There is erythema, butterfly rashes (on nose and cheek). Extremities and trunk show urticaria and bullae. There are hypopigmented areas and without the presence of a scar called sub-acute lupus.
Microscopically there is basal cell degeneration, perivascular mononuclear infiltrate. Dermis shows fibrosis. Ig can be demonstrated at the dermo-epidermal junction.
There are interstitial pneumonitis and diffuse fibrosing alveolitis. This may be acute or chronic or subacute. There is pleuritis and in 50% of the cases, there is pleural effusion.
There are increased capillary thickening and follicular hyperplasia. The infiltrate by plasma cells increases.
Microscopically there is perivascular fibrosis and it gives “onion skin” appearance.
8. Central Nervous System:
The patient may have a presentation of psychosis and seizures. 25% of signs are related to acute vasculitis which leads to infarct and hemorrhage.
9. Chronic Discoid Lupus Erythematosus:
There is only skin manifestation.
The course of the disease: – This is unpredictable.
- The patient may go into remission.
- 90% of survival is seen for one year.
- 80% of survival is seen for 5 years.
- 76% of survival is seen for 10 years.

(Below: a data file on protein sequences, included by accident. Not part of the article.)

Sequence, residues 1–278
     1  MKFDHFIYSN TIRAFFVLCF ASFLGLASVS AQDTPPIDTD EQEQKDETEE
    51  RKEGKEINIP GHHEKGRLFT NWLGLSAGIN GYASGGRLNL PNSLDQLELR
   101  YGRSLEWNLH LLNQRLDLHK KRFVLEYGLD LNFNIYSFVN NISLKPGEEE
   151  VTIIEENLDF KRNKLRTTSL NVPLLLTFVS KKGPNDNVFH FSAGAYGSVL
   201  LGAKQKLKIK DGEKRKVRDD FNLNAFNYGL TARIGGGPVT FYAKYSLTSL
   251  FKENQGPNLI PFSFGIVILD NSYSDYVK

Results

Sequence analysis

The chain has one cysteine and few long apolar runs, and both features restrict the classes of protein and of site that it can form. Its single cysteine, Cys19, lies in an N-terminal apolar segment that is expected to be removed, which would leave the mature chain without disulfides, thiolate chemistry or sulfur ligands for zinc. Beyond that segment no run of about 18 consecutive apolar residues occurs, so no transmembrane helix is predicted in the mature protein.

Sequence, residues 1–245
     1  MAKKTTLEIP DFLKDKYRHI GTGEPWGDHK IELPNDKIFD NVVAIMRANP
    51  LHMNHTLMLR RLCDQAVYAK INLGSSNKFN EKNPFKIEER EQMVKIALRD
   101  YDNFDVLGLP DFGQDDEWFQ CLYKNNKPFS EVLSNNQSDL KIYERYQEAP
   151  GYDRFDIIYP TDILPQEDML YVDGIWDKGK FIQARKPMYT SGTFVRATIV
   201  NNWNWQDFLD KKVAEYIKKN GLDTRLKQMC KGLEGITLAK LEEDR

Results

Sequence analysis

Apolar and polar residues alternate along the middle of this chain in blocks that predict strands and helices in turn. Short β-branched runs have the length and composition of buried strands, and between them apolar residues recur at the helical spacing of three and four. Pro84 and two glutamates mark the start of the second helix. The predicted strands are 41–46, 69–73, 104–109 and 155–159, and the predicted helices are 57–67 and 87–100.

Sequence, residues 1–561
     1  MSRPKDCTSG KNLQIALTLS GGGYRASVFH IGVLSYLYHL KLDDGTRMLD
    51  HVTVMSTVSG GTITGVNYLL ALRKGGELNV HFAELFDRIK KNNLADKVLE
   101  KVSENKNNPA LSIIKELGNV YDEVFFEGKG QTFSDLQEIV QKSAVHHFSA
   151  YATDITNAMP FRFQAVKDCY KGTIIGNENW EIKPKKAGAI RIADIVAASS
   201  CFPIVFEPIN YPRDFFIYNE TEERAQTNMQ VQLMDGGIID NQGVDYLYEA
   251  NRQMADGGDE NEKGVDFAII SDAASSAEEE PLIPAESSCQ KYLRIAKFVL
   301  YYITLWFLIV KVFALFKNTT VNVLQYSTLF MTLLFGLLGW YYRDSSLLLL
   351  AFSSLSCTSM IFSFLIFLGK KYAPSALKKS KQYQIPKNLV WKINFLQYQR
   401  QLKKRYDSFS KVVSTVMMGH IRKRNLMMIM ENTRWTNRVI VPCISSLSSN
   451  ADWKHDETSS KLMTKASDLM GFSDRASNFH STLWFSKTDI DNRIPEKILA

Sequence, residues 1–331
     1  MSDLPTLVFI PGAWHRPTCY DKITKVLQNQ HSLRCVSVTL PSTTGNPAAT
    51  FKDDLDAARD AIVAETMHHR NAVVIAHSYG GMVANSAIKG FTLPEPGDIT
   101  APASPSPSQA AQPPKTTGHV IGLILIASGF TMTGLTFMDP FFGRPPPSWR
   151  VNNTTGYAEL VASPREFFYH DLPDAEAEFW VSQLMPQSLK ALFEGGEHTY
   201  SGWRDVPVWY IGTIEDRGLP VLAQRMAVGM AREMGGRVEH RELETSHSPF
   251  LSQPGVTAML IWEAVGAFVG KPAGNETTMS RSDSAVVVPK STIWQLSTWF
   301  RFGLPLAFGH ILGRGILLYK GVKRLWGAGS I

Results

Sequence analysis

The most common cause of death is Renal Failure followed by:-
- Intercurrent infection.
- Cardiac failure.
- Pulmonary diseases.
- Involvement of CNS.
- Blood shows normochromic and normocytic anemia.
- Occasionally Coomb’s test is positive and indicates hemolytic anemia.
- There are lymphopenia and thrombocytopenia.
- Urine analysis shows haematuria and proteinuria with the presence of renal cast.
- Typically ESR is raised while CRP will be negative.
- ANA-Antinuclear antibodies are positive in 99% of the cases. If these are negative then SLE diagnosis is in doubt.
- ANA may be positive in other diseases like:
Sjogren syndrome = 68%.
Scleroderma = 60-70%.
Rheumatoid arthritis = 20-40%
- Immunofluorescence techniques on the frozen section:
There are four patterns that are seen and specific for SLE is RIM formation.
- dsDNA—Antibodies are specific for SLE diagnosis and these are positive in 70% of the cases.
- Smith—Ag-Ab is diagnostic but positive in 30% of the cases.
- Lupus-Erythematous cell phenomenon (LE Cell).
This was described by Hargreave in 1948. The blood of the patients shows hematoxylin bodies in the monocytes/neutrophils pushing the nucleus to the periphery.
Procedure and Mechanism of LE cell phenomenon:
Take the blood of patients 5-10ml.
It is traumatized by glass beads or glass rods to expose the nucleus to antinuclear antibodies in the serum of patients. Complement is activated and it causes the death of the nucleus and it becomes a homogenous hematoxylin color body and the nucleus is pushed to the periphery.
- Patients are treated according to the manifestation of the disease.
- For arthritis, Nonsteroidal anti-inflammatory drugs and aspirin may be used.
- For cutaneous manifestation, anti-malarial (Hydrochloroquin) can be used.
- Corticosteroid alone or in combination with cytotoxic drugs like cyclophosphamide, and azathioprine may be used in case of life-threatening manifestation.